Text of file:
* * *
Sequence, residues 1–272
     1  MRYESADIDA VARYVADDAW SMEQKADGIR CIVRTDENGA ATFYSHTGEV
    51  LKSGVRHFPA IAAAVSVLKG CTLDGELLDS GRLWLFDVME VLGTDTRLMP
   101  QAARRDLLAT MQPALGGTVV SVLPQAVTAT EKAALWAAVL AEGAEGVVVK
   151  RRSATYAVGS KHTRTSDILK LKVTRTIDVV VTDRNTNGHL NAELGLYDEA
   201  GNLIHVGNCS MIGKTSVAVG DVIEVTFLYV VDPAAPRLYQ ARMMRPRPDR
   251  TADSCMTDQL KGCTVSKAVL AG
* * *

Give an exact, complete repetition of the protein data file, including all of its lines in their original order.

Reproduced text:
Sequence, residues 1–272
     1  MRYESADIDA VARYVADDAW SMEQKADGIR CIVRTDENGA ATFYSHTGEV
    51  LKSGVRHFPA IAAAVSVLKG CTLDGELLDS GRLWLFDVME VLGTDTRLMP
   101  QAARRDLLAT MQPALGGTVV SVLPQAVTAT EKAALWAAVL AEGAEGVVVK
   151  RRSATYAVGS KHTRTSDILK LKVTRTIDVV VTDRNTNGHL NAELGLYDEA
   201  GNLIHVGNCS MIGKTSVAVG DVIEVTFLYV VDPAAPRLYQ ARMMRPRPDR
   251  TADSCMTDQL KGCTVSKAVL AG